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Community Gardening In Barrack’s Row

July is here and as we prepare to salute our troops and celebrate the Fourth of July, we may find ourselves passing by the Marine Corps Barracks at the corners of 8th and I Streets, SE. The Barracks is the oldest post of the Marine Corps, a site designated by President Thomas Jefferson, who rode his horse from the White House through Washington looking for a site for the Marines.

The Marine Corps Barracks hosts The Evening Parade every Friday from May through the end of August where hundreds of DC visitors and residents enjoy an evening concert intertwined with marching and military traditions of tattoo, retreat and lowering the colors.  But, what you may not know, that the all-volunteer community garden adjacent to the Barracks has been created and maintained with the same reverence, and is a great American story of a different kind.

Hollyhocks are always a summer favorite and give the garden some of the scarlet color to honor the Marine Corps.

The Pocket Garden
Across the street from the very manicured yard and gate of the Barracks stands a pocket park, that is as stunning as the military facility. It is full of trees, grass, and a block long country flower garden framed by Interstate 695 overhead. The garden with its dazzling array of plants and colors has been nicknamed, The Gateway to Barrack’s Row, and deservingly so.

Jim Guckert, a neighbor and the leading founder and gardener of the park, says he really isn’t sure who owns the land that forms it. He knows the city doesn’t do anything to maintain it, other than the Urban Forestry division occasionally planting trees in the park.   It has been Jim’s mission over the last 15 years to create a welcoming environment for the neighborhood and the many visitors that come through in the summer for the Marine parade. His effort could be described as an act of guerilla gardening.

Guerrilla gardening is the act of gardening on land that the gardeners do not have the legal rights to cultivate, such as abandoned sites, areas that are not being cared for, or private property.  The term   became popular in 1973 when a number of abandoned sites were made into pocket parks in New York City, and in Berkeley, California. While this park’s ownership is unclear, Jim’s gardening efforts have been recognized by a number of Capitol Hill community organizations, and receives financial support from the nonprofit Barrack’s Row Main Street group and the Capitol Hill Community Foundation.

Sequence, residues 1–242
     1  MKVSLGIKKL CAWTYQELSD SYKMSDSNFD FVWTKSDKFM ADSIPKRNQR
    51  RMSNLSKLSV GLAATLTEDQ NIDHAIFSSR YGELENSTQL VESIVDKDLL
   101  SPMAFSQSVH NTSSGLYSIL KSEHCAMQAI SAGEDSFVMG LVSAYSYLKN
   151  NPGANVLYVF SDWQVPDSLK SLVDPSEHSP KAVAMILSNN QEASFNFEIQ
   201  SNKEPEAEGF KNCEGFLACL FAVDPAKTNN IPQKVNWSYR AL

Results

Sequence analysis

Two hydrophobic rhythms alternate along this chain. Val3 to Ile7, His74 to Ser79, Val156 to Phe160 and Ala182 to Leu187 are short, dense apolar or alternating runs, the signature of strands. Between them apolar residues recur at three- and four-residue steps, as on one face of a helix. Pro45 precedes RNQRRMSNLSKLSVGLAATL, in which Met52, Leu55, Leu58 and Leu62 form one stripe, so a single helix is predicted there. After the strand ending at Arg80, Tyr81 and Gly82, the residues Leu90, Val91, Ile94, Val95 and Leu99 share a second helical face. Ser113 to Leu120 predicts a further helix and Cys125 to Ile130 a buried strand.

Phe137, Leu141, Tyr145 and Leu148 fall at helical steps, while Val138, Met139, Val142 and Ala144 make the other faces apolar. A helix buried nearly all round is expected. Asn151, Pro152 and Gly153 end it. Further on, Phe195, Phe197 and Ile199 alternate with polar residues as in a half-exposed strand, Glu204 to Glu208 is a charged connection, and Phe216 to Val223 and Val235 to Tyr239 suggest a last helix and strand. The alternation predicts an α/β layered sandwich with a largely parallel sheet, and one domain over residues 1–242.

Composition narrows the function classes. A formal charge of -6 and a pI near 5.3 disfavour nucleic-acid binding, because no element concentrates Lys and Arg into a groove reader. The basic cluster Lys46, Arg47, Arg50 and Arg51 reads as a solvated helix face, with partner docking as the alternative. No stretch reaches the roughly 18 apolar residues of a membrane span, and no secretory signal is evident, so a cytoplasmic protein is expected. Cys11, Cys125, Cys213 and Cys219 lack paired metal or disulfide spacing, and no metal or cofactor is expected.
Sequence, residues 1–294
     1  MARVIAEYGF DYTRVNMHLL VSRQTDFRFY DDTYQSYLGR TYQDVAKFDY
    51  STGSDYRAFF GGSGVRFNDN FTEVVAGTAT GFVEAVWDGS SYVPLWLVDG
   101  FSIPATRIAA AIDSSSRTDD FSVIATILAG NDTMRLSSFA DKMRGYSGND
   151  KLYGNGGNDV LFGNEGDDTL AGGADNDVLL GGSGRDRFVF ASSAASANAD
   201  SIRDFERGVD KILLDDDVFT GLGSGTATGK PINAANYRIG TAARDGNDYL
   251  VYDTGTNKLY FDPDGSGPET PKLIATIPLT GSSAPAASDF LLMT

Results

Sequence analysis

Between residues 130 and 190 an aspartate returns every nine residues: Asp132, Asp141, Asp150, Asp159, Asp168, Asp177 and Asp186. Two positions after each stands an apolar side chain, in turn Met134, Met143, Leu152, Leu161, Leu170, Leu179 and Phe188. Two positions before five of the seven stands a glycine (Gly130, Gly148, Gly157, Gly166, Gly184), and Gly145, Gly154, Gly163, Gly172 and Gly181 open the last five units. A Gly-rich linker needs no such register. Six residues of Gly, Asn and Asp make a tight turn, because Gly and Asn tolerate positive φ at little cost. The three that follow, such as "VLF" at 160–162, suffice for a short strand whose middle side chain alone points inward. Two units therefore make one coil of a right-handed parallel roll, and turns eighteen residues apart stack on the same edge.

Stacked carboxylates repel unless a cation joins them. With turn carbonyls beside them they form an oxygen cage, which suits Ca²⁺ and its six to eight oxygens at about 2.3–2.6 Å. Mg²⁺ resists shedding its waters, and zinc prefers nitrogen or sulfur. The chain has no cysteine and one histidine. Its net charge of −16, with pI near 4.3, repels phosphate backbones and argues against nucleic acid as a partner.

But while Jim is the one you often see weeding the flower beds and watering the plants from his own house across the street from the park, he is quick to point out that this park is really about community involvement and not about him. Jim says that there is a group of neighbors and gardeners who come in early spring to help get the beds ready for a new growing season. Over 60 bags of mulch are delivered from Ginkgo Gardens and the volunteers distribute mulch all in one day. The Urban Forestry division of DDOT (DC Department of Transportation) have been great, planting new cherry trees and replacing elms that are not thriving in the tree boxes.

Asian Lilies stand taller than the day lilies in the Garden and help give the long garden some visual highlights.

Day Lilies and More
Jim came from a rural upbringing in northwest Pennsylvania, and has always loved working in a garden. His choices of flowers to plant along Barrack’s Row reflect the the country flower gardens of his youth filled with day lilies, peonies, daisies and hollyhocks. Jim says the garden really got started with the first Barrack’s Row revitalization plan that was spearheaded by Linda Gallagher and George Didden. “Linda was especially helpful and encouraging to see the area at the end of lower 8th Street be cleaned up and beautified,” says Jim. A homeless encampment under the interstate also had to be cleared out before they could get started but today the park really is a gateway to the new restaurants and establishments, like the Brig, that are on the other side of the highway.

The garden got another big boost early on from the Capitol Hill Garden Club. For a number of years the Garden Club had a daffodil bulb giveaway, and Jim was able to obtain thousands of bulbs from them. Another windfall of bulbs came from a movie production that was filming at Eastern Market. “The scene was to depict a European market with carts of flowers and bulbs, “Jim recalls. When the filming was over, he was able to rescue the bulbs and take them to 8th Street.”

Jim Gulkert is the founder and main gardener who keeps the 8th Street garden thriving.

Jim says that these days they are happy to fill in color with plants like geraniums in red and white colors, and try to honor the Marine Corps by finding flowers that are scarlet and gold.

The future of the garden looks bright. Jim says that he finds little trash and littering, and there has only been occasional unauthorized cutting of the flowers. Coming next may be shrubs to balance the new cherry trees.

As we all know, a garden is always a work in progress, whether it is your personal one, or a “guerilla” public one. Capitol Hill is so lucky to have Jim Guckert and his garden volunteers caring for the public space that honors and salutes our Marine Corps neighbors and provides a beautiful entrance to Barracks Row.


Rindy O’Brien is a long-time resident of the Hill, who appreciates our transplanted residents share their love of gardening with us. Contact Rindy at rindyobrien@gmail.com

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